Study says: $148 billion needed for rail improvements
Oct 12, 2007 1:15 PM
About $148 billion must be invested to expand the nation's freight rail infrastructure over the next three decades to prevent freight from being shifted to highway transportation, according information from the Association of American Railroads (AAR).
"Without this investment, 30 percent of the rail miles in the primary corridors will be operating above capacity by 2035, causing severe congestion that will affect every region of the country and potentially shift freight to an already heavily congested highway system," according to the study conducted by Cambridge Systematics.
The National Rail Freight Infrastructure Capacity and Investment Study explores the long-term capacity expansion needs of the continental US freight railroads. It highlights needed investment in new tracks, signals, bridges, tunnels, terminals, and service facilities that railroads need to keep pace with demand for rail freight transportation, which is expected to almost double over the next 30 years, AAR said.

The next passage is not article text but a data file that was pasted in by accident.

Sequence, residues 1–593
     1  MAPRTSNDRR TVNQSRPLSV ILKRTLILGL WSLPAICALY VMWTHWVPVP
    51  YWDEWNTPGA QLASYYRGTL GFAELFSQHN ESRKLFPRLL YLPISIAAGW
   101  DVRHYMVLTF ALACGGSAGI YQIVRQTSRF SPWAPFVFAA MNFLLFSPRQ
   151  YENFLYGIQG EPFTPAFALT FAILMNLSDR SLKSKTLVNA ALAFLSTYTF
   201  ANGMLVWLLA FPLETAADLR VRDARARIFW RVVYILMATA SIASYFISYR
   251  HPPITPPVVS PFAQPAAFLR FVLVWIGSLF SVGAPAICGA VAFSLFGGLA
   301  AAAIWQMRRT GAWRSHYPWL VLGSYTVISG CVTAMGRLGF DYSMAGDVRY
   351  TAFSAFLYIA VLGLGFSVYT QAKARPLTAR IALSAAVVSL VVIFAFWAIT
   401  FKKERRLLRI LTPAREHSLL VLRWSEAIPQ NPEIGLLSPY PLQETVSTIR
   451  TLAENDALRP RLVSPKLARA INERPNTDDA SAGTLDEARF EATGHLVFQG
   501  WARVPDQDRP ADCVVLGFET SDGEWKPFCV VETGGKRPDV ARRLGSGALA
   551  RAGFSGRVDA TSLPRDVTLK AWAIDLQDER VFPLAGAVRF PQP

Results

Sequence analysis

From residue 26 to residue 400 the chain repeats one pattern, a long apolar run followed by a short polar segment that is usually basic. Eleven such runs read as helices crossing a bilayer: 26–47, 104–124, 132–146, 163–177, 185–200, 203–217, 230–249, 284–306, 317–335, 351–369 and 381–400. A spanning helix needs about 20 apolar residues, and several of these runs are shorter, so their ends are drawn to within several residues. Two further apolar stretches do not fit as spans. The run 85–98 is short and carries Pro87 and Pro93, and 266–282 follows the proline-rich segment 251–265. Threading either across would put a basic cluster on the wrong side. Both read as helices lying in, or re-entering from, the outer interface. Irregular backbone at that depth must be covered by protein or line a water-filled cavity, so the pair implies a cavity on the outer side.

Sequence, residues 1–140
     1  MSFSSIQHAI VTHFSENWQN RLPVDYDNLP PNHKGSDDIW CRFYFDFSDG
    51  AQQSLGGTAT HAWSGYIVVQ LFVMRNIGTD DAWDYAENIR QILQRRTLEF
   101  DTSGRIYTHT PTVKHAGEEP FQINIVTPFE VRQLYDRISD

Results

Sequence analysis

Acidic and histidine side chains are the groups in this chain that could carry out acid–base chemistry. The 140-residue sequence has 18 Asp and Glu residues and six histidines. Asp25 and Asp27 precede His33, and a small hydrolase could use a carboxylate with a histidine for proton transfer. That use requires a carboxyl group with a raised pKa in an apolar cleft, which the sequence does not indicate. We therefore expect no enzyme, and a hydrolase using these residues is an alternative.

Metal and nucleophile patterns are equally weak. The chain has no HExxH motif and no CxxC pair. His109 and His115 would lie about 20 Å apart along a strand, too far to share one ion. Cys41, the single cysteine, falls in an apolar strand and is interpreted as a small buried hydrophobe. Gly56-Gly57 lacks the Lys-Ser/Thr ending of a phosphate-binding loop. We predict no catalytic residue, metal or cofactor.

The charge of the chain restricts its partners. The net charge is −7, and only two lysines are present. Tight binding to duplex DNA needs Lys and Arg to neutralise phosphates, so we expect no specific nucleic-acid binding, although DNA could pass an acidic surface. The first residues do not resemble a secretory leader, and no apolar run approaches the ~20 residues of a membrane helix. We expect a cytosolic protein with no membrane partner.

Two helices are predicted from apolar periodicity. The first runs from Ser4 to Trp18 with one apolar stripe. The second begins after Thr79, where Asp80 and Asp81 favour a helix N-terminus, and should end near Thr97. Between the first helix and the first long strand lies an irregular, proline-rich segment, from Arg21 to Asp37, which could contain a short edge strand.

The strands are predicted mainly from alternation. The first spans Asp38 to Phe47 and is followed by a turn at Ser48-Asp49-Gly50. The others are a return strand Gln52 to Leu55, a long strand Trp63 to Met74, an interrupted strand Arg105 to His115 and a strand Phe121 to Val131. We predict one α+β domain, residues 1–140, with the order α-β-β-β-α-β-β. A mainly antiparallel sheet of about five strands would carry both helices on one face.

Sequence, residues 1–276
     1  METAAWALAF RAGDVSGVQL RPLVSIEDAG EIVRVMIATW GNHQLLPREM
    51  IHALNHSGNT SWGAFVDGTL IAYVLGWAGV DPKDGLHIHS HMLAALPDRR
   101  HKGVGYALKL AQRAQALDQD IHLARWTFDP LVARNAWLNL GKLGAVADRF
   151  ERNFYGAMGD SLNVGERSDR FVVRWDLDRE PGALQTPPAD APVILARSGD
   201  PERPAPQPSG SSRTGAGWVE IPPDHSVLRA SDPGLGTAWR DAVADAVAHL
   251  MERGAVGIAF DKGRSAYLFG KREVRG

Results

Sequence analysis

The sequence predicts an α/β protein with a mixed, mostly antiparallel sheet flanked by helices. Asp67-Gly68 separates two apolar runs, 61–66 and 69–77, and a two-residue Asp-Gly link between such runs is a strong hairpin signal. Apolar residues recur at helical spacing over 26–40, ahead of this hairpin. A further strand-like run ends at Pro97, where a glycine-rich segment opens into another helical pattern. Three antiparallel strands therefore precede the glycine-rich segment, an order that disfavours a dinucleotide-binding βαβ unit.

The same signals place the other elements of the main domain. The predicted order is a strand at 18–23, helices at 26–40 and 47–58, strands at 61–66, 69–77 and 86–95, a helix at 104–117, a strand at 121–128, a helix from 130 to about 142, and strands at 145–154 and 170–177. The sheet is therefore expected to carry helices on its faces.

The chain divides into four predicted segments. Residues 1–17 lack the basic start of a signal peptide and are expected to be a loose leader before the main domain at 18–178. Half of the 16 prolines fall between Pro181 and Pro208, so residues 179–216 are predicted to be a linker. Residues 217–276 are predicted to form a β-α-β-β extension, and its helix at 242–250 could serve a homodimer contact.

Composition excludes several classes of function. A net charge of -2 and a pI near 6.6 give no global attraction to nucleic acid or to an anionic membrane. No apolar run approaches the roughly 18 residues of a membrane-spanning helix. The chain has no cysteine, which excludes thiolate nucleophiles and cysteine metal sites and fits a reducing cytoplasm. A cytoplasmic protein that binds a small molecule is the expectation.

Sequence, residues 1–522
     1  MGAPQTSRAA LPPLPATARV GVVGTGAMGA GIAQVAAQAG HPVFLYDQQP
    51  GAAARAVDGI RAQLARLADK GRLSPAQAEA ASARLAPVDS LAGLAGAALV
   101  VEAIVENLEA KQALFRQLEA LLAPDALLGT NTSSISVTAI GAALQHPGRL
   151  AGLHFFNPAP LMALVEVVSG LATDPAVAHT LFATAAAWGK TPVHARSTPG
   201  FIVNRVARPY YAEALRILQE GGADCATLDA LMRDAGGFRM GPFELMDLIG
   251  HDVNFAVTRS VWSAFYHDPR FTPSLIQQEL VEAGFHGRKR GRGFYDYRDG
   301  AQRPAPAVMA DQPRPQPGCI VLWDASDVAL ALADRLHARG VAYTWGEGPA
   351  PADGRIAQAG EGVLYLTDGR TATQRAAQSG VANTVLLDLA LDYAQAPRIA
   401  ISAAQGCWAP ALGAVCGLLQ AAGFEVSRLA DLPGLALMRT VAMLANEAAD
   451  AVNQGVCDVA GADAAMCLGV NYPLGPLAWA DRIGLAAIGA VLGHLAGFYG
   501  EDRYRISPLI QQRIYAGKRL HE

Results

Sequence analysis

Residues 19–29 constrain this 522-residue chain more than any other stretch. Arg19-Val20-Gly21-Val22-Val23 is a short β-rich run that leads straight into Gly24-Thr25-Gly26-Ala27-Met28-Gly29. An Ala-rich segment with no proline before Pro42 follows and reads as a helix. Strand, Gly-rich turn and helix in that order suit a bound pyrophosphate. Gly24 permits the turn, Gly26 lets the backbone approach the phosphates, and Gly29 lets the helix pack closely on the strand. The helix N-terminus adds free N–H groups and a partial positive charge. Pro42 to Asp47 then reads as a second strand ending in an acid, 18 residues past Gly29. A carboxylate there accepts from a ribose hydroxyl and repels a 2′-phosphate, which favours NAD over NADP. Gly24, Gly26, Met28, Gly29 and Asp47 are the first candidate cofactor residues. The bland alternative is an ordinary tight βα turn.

The study found that most of that investment, $135 billion, will be needed on the rail networks operated by the nation's major freight railroads. The study notes that under current conditions, the railroads anticipate that the marketplace will allow them to raise most of the needed investment, $96 billion. However, it states that a gap would remain of about $1.4 billion per year, an amount to be funded through railroad infrastructure tax incentives, public-private partnerships, and other sources.
The study has been submitted to the National Surface Transportation Policy and Revenue Study Commission, established by Congress to report on the nation's future transportation needs and how to finance them.
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